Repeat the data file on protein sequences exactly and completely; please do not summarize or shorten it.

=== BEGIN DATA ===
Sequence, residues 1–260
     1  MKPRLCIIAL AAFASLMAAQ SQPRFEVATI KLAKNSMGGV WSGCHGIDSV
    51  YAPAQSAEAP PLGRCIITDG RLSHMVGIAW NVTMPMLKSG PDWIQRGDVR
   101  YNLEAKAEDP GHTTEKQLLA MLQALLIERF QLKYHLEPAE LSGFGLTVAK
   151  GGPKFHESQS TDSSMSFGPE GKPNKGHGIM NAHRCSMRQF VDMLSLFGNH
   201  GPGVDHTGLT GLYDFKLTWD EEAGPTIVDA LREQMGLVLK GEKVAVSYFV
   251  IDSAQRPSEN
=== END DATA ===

Sequence, residues 1–260
     1  MKPRLCIIAL AAFASLMAAQ SQPRFEVATI KLAKNSMGGV WSGCHGIDSV
    51  YAPAQSAEAP PLGRCIITDG RLSHMVGIAW NVTMPMLKSG PDWIQRGDVR
   101  YNLEAKAEDP GHTTEKQLLA MLQALLIERF QLKYHLEPAE LSGFGLTVAK
   151  GGPKFHESQS TDSSMSFGPE GKPNKGHGIM NAHRCSMRQF VDMLSLFGNH
   201  GPGVDHTGLT GLYDFKLTWD EEAGPTIVDA LREQMGLVLK GEKVAVSYFV
   251  IDSAQRPSEN